One day she was on the phone giving life advice to someone. Exactly the sort of life advice we all need our friends to give us sometimes, in no uncertain terms.

Bob and I had only popped in for an afternoon to the headquarters in Shaw at the start of a week of travelling around the north west and the Lakes. But we had so much fun we ended up spending our entire holiday there. It was Bob’s first by-election and he got RSI from stuffing envelopes. We had a brilliant time and made several trips back there including for the last few days. I met a few people at that by-election who have become friends for life, too. 

I remember one very enjoyable afternoon skiving in the pub with ALDC’s Pam Tilson, now back in Northern Ireland.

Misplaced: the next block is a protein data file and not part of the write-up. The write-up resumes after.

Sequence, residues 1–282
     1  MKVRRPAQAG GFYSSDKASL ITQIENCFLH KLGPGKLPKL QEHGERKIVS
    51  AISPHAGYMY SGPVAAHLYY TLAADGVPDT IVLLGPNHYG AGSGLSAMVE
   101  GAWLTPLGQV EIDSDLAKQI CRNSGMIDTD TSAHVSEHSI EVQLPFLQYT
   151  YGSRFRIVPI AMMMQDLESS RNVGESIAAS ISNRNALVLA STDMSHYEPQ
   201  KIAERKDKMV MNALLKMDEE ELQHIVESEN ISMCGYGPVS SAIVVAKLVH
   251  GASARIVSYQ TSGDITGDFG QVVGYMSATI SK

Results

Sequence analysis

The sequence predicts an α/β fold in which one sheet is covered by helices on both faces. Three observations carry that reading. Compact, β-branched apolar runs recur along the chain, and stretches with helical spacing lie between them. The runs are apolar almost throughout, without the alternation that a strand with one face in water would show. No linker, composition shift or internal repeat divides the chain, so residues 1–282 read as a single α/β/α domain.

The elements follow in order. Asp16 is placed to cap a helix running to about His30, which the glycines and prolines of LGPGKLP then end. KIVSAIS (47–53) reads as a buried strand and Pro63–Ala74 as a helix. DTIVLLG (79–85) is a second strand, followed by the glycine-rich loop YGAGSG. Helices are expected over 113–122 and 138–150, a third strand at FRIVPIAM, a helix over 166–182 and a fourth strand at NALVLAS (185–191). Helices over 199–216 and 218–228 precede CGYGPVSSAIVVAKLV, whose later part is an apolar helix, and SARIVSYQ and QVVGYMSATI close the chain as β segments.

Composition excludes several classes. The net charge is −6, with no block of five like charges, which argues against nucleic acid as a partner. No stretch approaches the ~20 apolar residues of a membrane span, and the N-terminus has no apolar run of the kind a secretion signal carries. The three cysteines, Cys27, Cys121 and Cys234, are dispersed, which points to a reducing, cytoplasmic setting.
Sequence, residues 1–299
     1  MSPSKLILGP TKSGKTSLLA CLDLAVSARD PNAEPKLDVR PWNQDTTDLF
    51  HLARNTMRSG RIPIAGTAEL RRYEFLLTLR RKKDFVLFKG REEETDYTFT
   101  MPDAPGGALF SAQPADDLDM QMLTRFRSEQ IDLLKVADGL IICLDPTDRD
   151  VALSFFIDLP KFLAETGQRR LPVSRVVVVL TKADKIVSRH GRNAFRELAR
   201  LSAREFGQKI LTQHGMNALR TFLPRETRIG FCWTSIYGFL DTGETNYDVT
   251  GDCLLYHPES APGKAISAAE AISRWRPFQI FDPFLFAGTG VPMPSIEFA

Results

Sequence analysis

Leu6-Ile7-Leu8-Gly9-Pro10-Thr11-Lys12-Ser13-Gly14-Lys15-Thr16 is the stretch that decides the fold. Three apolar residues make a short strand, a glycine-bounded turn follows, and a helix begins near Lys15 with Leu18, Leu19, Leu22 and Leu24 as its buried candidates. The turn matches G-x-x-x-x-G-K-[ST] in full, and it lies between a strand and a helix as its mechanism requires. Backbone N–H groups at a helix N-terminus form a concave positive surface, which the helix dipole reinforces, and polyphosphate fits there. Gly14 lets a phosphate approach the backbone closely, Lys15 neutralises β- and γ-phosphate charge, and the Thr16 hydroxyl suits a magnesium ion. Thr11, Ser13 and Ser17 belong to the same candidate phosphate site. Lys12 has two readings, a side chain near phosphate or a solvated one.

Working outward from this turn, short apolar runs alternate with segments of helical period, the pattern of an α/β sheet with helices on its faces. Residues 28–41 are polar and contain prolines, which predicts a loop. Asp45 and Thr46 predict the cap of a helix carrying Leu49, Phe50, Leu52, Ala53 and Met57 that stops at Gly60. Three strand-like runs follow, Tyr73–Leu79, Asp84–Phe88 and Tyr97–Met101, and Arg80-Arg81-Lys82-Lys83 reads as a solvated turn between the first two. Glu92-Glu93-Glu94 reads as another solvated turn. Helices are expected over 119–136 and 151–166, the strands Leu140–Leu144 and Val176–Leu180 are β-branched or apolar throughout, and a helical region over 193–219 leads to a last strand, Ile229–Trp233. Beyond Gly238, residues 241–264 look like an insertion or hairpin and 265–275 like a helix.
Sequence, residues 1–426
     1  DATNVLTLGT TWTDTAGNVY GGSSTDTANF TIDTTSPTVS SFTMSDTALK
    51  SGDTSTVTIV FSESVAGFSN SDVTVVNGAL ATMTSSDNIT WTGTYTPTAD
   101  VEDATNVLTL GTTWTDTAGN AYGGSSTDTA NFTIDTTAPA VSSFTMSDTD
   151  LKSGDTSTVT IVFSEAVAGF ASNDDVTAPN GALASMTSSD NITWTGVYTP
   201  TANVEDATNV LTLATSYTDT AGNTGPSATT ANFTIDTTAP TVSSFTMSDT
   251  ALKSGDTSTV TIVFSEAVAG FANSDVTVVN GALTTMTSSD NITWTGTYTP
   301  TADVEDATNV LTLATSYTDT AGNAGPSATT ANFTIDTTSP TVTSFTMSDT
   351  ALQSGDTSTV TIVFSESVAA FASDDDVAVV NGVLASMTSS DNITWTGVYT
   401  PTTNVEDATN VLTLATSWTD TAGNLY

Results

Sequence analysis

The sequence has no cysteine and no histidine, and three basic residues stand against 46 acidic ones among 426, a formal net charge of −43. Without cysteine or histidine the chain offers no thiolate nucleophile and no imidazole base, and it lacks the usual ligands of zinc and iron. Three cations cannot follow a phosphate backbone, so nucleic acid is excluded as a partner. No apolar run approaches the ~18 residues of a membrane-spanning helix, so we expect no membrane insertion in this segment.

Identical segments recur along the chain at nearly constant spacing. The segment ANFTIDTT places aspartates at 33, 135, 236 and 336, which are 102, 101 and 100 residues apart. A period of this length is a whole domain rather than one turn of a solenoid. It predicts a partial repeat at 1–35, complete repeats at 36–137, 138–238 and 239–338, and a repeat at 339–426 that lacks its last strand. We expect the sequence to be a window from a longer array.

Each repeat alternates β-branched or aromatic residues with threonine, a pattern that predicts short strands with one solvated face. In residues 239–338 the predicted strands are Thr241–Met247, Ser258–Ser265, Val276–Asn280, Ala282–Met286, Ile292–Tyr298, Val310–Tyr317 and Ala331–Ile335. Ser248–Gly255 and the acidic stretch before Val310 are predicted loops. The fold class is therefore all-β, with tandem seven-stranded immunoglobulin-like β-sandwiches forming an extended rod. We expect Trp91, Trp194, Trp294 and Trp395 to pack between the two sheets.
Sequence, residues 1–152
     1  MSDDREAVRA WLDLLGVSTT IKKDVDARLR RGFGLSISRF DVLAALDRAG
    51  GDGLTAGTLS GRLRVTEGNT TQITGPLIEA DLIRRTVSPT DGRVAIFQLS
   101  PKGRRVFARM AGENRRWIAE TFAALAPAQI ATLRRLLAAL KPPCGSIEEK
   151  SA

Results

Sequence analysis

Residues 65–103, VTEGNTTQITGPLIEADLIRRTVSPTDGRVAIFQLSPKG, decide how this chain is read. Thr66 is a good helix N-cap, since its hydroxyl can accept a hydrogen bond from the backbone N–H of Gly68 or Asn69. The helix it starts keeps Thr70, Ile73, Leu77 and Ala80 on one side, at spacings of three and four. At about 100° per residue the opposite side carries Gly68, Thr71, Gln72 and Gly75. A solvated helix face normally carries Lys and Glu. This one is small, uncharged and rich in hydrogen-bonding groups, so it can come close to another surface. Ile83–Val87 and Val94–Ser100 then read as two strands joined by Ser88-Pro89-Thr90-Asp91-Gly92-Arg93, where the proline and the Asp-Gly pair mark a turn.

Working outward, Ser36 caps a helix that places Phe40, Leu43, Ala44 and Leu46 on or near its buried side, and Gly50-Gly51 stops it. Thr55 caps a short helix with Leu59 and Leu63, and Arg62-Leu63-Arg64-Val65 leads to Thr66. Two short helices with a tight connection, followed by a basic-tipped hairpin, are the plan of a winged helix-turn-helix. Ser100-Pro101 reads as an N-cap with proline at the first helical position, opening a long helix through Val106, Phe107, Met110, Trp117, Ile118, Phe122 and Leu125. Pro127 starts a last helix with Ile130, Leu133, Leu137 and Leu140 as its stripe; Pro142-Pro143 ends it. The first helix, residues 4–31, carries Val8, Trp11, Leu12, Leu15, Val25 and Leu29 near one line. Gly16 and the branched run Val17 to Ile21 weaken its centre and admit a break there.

The by-election came about after the death of Tory MP Geoffrey Dickens. In those days, the government did everything it could to avoid moving the writ in case their majority dwindled to nothing. These days they tend to be called very quickly to prevent an insurgent campaign gaining traction. In the run-up to the election, John Major resigned as Tory leader in what was a pretty classy attempt to get rid of his Eurosceptic “bastards.” He easily won the contest against John Redwood but the divisions in his party remained and grew.
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ICYMI: Tomorrow is the last day to nominate for this year’s party awards

July 31st is not just my birthday, it’s the deadline for nominations for the party awards.

This is your chance to nominate a party member who has excelled in their service to the party or local government. The process of nomination is easy – you just fill in an online form.